The list of ailments afflicting the World Trade Center first responders has grown to include systemic autoimmune diseases…
The conditional odds ratio for autoimmune diseases rose by 13% for each month individuals spent working at the site…according to Mayris P. Webber, DPH, Montefiore Medical Center in New York City, and colleagues.
And for those who spent 10 months working at the site the risk tripled the researchers reported…
“The terrorist attacks on the World Trade Center buildings and the subsequent building collapses and fires exposed rescue/recovery workers to aerosolized WTC dust, an amalgam of pulverized cement, glass fibers, silica, asbestos, lead, polycyclic aromatic hydrocarbons, polychlorinated biphenyls, and polychlorinated furans and dioxins,” they noted.
The result has been the development of various respiratory and other diseases including asthma, gastroesophageal reflux, and cancer in up to 70% of the exposed New York City fire department members, but the entire range of potential health effects is not yet known and may take decades to fully manifest.
Autoimmune diseases have been linked with multiple environmental exposures, including silica, hydrocarbons, and particulates.
These autoimmune conditions include rheumatoid arthritis (RA), systemic lupus erythematosus (SLE), dermatomyositis, vasculitis, and Sjogren’s syndrome, and most often have been reported after many years of exposure and predominantly among women.
The finding of an increase in autoimmune disease among WTC responders was “unexpected and highlights the need for increased clinician awareness of the possibility of these and perhaps other autoimmune disorders in their WTC-exposed male patients…”
The authors concluded that workers and residents should be closely monitored for these conditions. “The stakes are high because enhanced surveillance can lead to early detection and treatment, which has been shown to improve quality of life and reduce or delay organ damage including erosive joint destruction, kidney failure, pulmonary fibrosis, and hypertension.”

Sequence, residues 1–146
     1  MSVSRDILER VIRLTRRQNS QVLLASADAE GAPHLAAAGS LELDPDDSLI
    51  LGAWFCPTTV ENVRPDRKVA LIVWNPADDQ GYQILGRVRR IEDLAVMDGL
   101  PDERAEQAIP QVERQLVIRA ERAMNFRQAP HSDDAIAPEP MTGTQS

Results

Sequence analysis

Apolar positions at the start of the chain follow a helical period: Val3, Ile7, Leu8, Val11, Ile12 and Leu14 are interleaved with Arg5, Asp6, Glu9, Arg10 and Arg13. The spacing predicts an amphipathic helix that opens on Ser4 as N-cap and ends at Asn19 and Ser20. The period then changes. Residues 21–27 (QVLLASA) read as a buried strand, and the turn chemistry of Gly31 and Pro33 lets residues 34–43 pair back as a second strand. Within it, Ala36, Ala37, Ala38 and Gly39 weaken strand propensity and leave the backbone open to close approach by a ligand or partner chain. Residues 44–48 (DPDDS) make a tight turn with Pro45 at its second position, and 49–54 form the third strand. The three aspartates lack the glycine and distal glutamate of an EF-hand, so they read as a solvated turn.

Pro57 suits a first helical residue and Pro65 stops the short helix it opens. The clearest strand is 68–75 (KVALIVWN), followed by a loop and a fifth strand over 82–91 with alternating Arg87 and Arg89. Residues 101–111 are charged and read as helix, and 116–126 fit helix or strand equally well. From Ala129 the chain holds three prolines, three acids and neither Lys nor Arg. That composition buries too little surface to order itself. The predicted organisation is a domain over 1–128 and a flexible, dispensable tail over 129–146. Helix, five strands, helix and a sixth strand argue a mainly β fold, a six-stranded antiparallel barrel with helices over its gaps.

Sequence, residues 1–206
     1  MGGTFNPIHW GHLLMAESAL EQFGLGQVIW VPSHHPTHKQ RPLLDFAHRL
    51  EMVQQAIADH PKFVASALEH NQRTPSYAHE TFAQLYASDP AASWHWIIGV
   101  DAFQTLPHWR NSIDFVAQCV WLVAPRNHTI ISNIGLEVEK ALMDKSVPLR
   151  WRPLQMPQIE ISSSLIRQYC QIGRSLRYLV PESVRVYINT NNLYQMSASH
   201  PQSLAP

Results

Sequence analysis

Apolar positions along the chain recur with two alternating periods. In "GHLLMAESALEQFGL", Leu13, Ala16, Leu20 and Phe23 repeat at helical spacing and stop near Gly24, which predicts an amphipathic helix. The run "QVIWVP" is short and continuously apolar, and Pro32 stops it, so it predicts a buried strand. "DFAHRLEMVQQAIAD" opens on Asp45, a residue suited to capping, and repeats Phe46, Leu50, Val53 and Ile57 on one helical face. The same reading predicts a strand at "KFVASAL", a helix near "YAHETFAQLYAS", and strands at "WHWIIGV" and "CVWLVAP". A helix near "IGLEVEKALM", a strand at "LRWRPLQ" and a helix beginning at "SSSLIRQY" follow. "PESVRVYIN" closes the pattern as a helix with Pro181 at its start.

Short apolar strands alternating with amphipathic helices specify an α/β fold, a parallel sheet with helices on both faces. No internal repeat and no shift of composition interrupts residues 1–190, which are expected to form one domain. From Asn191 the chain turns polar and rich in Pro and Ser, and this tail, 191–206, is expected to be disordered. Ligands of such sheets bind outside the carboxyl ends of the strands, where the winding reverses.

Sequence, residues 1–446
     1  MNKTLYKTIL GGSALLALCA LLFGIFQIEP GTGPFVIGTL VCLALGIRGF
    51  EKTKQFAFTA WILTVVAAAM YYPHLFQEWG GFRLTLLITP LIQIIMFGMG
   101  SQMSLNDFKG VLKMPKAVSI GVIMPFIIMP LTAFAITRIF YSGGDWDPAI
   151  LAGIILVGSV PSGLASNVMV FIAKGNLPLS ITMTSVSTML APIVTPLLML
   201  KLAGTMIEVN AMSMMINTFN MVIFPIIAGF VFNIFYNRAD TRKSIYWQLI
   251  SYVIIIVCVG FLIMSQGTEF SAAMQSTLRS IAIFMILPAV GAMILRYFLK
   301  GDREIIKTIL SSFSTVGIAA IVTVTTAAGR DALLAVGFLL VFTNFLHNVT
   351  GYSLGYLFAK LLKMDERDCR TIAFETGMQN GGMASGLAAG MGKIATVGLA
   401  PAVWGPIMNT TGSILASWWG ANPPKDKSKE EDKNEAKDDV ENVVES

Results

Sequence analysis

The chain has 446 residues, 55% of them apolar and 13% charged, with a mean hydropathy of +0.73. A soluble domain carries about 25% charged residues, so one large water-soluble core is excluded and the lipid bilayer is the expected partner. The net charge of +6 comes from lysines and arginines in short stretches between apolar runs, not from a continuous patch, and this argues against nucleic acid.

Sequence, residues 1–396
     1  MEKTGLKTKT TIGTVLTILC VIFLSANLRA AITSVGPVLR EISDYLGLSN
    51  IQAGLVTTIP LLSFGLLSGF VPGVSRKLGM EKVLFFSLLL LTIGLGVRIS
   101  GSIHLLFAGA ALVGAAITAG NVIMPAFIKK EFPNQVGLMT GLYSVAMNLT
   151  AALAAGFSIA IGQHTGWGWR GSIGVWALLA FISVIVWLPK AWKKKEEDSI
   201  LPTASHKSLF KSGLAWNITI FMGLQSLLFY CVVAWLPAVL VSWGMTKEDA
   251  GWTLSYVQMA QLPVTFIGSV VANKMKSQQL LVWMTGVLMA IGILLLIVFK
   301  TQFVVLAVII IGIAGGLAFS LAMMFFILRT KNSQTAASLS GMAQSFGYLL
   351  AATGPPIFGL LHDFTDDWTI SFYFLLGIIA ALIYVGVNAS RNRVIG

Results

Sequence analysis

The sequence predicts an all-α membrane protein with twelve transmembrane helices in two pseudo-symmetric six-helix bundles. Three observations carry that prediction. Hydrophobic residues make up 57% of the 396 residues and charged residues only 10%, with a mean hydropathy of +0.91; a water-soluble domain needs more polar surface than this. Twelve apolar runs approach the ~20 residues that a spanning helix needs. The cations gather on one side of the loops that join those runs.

And so it goes. Disease and disability caused by industrial material and chemical can surface many years later. I hope, in this case, our government, the powers that have responsibility for support in unusual circumstances will respond with more pace and thought than they did to the ailments incurred by first responders.
Meave and Louise Leakey
We’re celebrating women in science and the major impacts they’re making in a variety of fields.
Meet some of the female scientists National Geographic has had the honor of supporting through the years. Hear from “Her Deepness,” Sylvia Earle, about the role of women in science—and find out who recently named her as a “Woman of the Year”.
Discover the incredible solar power breakthrough National Geographic Emerging Explorer Xiaoling Zheng is working on.
See how Big Cats Initiative Grantee Amy Dickman is transforming lives—human and feline—in Tanzania. Then learn why it’s crucial that more women get into science, and how we can help remove the barriers to their success.
Lots more at NatGeo. Click the link above and enjoy and learn.
Two Saudi women detained for nearly a month for defying a ban on females driving were referred to a court established to try terrorism cases on Thursday…
Activists said it was the first time female drivers have been referred to the specialised criminal court in Riyadh, and that their detention is the longest of female drivers in Saudi history.
Four people close to Loujain al-Hathloul, 25, and Maysa al-Amoudi, 33, said they are not being charged for defying the driving ban but for voicing opinions online. They declined to elaborate on the specific charges because of the sensitivity of the case and anonymously for fear of government reprisal…
Saudi authorities are expanding a crackdown on people who criticise the government online. It said judges and prosecutors are using a 2007 anti-cybercrime law to charge Saudi citizens for peaceful tweets and social media comments.”
At the time of their arrest, Hathloul and Amoudi had a combined Twitter following of more than 355,000. They were vocal supporters of a grassroots campaign launched last year to oppose the ban on women driving…
Though no laws ban women from driving in Saudi Arabia, authorities do not issue them licences and ultra-conservative Saudi clerics have issued religious edicts against it…
Hathloul was stopped by border guards and her passport was confiscated for more than 24 hours when she attempted to cross the border on 30 November with a UAE driver’s licence in an act of defiance.
Amoudi, a UAE-based Saudi journalist, was stopped when she went to deliver food and a blanket to Hathloul at the border, activists and relatives say. They were formally arrested on 1 December.
A useful point. Though fundamentalist theocrats most often offer some absurd religious rationale for the suppression of civil liberties and civil rights – they’re capable of offering the oldest reason there is for despots to order around other human beings: “Because I say so!”